Will BMW’s Next Supercar Be Hydrogen-Powered?

Source: BMW

Source: BMW

Hydrogen or batteries? This is the million-dollar question when it comes to alternative energy vehicles. Thanks, in part, to the overwhelming success of Tesla Motors’ Model S, many people now believe the future of alternative energy vehicles belongs to battery electric vehicles (BEVs). And it may.

However, there are a number of automotive companies — including luxury vehicle behemoth, BMW — that think the future of automotives is more diverse because of the inherent drawbacks of BEVs. Specifically, because BEVs take a long time to recharge, BMW believes that hydrogen fuel cell vehicles (FCVs) will be more suited for longer-distance trips.

As a result of this belief, BMW partnered with Toyota to develop the Hydrogen 7, which BMW calls the “world’s first production-ready hydrogen vehicle.” Moreover, BMW is also rumored to be developing a new supercar: an i8-based hydrogen FCV.

The Hydrogen 7

Source: BMW

Source: BMW

As of this writing, the Hydrogen 7 is still in the test phase, so there’s not a lot of official information on the vehicle. Still, Green Car Reports states that the Hydrogen 7, which is based on BMW’s 5 Series Gran Turismo, uses Toyota’s fuel-cell technology and features high-pressure tanks, a battery pack that’s a tad bigger than 1 kilowatt-hour, a 242 horsepower electric motor, and a fuel-cell stack. All together, this gives the car a range of approximately 310 miles, and it can be refueled in minutes. More importantly, BMW hopes to be able to offer the Hydrogen 7 to customers “sometime after 2020,” according to Matthias Klietz, BMW’s head of powertrain research.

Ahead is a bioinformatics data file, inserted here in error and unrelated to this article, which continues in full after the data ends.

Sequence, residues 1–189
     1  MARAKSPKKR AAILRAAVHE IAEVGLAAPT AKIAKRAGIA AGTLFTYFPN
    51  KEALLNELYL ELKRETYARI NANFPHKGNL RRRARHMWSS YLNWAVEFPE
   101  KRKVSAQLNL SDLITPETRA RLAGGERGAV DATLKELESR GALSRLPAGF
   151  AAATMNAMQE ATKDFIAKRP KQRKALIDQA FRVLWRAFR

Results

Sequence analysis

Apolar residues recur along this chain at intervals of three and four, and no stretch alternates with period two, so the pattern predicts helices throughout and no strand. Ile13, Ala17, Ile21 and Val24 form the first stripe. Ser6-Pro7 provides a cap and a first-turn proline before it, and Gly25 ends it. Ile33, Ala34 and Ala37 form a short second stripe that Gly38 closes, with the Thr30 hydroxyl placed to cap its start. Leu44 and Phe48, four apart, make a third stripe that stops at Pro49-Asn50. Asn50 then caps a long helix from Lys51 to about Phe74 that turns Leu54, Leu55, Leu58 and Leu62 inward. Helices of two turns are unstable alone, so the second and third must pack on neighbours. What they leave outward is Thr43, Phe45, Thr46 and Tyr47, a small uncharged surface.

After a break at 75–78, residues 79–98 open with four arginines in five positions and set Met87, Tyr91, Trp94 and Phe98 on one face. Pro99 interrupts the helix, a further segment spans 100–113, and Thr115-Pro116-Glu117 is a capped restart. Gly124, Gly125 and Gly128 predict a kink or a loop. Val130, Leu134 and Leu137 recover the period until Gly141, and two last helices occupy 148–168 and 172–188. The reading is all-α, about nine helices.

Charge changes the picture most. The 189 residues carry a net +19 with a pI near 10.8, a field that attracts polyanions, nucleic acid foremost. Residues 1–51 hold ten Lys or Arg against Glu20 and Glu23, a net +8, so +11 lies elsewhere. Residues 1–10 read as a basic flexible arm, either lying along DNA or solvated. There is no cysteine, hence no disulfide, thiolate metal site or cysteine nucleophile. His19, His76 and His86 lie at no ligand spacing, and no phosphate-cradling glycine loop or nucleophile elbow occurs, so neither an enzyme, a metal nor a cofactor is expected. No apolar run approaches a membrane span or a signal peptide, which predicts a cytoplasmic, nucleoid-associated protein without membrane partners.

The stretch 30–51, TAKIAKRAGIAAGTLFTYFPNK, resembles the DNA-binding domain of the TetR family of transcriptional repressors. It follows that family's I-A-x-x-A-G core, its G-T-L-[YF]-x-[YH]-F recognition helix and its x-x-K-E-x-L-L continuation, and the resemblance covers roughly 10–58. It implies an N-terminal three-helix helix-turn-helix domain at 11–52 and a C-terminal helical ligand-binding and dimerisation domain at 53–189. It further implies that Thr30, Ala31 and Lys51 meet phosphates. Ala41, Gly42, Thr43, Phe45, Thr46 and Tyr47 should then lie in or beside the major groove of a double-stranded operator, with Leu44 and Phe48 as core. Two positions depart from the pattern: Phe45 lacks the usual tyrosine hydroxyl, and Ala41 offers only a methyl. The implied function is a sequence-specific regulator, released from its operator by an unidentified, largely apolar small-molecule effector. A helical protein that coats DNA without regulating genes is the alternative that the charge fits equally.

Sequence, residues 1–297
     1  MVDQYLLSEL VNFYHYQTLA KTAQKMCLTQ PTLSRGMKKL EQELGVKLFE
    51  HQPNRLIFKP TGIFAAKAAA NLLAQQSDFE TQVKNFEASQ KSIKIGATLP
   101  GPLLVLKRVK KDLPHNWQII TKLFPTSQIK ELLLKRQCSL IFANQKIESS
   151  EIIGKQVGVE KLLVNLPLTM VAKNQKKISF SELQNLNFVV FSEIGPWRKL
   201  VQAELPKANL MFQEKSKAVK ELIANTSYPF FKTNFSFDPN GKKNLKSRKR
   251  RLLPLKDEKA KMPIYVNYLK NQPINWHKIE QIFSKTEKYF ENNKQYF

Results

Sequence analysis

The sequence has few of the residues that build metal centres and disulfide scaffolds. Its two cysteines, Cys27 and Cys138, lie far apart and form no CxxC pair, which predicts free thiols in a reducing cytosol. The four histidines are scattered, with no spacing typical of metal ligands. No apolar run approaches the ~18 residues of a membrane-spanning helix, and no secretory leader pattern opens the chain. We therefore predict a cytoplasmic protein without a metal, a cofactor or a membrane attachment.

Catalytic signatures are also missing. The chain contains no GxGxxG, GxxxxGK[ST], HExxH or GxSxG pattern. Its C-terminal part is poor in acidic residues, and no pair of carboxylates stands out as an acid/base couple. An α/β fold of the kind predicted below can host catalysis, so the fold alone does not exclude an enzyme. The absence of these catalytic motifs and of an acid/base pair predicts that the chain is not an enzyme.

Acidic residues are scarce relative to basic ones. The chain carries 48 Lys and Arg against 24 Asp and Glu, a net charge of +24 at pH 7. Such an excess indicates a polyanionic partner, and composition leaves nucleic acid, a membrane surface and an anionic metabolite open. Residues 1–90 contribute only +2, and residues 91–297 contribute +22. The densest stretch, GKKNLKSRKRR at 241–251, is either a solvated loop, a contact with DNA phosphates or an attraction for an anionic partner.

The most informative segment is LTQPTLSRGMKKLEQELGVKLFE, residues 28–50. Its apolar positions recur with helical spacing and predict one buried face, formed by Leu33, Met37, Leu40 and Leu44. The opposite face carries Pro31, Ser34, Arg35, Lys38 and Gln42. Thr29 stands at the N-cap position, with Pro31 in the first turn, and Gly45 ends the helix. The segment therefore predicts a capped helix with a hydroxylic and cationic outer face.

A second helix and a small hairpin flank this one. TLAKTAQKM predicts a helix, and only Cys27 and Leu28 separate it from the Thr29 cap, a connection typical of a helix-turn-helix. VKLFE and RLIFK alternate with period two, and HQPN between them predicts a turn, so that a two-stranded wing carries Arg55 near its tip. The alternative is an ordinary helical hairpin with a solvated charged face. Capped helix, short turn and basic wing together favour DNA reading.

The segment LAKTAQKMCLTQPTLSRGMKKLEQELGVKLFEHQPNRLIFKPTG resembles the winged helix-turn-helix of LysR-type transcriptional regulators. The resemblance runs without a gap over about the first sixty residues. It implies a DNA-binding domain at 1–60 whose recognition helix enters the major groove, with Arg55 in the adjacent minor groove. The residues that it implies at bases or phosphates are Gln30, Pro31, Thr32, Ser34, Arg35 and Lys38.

Additionally, Car and Driver tested the Hydrogen 7 on the track and reports that thanks to the instant torque — courtesy of the electric powertrain — the Hydrogen 7 feels faster than its horsepower rating implies, and the Hydrogen 7 is remarkably refined. Consequently, Car and Driver believes that BMW’s statement — that the car will be production ready around 2020 — is entirely possible.

The i8 Hydrogen FCV

Source: BMW

Source: BMW

Unlike the Hydrogen 7, the i8-based hydrogen FCV was built in 2012, before BMW and Toyota joined forces on hydrogen vehicles. However, BBC’s Top Gear reports that this prototype was presented at BMW’s 2015 “Group Innovation Days” in France, and features a tunnel tank that can store hydrogen at 350-bar pressure, has an estimated range of over 300 miles, can go zero to 62 miles per hour in six seconds, and has a top speed of over 124 miles per hour.

Further, it can refuel in minutes, is assumed to be made of carbon fiber and other lightweight materials, is powered by an all-electric 272 horsepower powertrain, and looks to enjoy the impressive styling of BMW’s i8 hybrid supercar. Of course, as of this writing, the i8 FCV is nothing more than a prototype. But, that doesn’t mean BMW won’t eventually slate it for production if FCVs take off.

Hurdles to overcome

Source: BMW

Source: BMW

BMW acknowledges that there are significant challenges to widespread FCV adoption, including price and the lack of a hydrogen-fueling infrastructure. However, BMW doesn’t see these problems as impossible to overcome. BMW argues that FCVs are a necessary compliment to cars like its i3 electric and i8 hybrid vehicles, and states in a press report, “Since fuel cell electric vehicles are particularly suited to longer-distance trips, they are the ideal complement to the BMW i models, and to the future plug-in hybrid production models from the BMW brand, which will be based on the already proven eDrive technology. … In the long run, hydrogen fuel cell drive will become an integral part of BMW’s Efficient Dynamics programme, adding to the diversity of the BMW Group’s powertrain portfolio.”

Further, Kleitz stated that BMW expects FCVs to have an “established presence” around 2025 to 2030. Plus, BMW is actively pursing ways to help speed up the establishment of a hydrogen-fueling infrastructure. If BMW is correct, and if testing of its Hydrogen 7 goes well, the question really becomes: Will BMW’s next supercar be hydrogen-powered?

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